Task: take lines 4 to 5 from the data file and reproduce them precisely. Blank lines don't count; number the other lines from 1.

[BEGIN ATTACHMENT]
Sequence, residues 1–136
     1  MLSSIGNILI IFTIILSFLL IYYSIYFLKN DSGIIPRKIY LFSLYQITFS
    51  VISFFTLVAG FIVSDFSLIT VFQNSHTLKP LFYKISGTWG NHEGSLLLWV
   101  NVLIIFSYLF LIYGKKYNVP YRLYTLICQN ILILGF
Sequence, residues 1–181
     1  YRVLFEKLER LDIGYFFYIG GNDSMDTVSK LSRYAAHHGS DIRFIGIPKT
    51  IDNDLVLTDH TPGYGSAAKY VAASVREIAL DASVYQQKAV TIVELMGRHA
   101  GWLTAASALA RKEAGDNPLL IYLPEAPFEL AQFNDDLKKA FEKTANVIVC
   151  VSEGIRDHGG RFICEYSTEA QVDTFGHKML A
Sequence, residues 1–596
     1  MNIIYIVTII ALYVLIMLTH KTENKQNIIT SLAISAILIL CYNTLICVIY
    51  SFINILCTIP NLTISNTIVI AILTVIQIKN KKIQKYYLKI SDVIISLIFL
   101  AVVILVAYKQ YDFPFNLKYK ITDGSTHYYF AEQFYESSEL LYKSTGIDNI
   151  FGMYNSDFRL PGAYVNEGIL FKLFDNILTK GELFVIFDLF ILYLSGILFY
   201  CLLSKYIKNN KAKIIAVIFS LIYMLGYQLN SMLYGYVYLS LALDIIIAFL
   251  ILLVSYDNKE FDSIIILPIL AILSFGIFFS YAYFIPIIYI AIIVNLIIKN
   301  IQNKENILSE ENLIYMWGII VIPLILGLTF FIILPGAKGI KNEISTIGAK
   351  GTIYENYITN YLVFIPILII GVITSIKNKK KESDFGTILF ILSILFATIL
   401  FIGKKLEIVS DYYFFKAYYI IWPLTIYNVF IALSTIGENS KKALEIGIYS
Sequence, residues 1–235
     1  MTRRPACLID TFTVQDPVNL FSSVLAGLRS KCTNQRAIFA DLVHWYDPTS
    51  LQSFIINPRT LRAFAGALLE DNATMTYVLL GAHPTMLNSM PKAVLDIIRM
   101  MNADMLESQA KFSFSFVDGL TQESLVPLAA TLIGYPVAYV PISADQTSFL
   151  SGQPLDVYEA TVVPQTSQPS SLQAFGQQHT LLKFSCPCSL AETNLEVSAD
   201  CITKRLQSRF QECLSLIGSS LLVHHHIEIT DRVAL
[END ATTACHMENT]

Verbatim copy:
   101  NVLIIFSYLF LIYGKKYNVP YRLYTLICQN ILILGF
Sequence, residues 1–181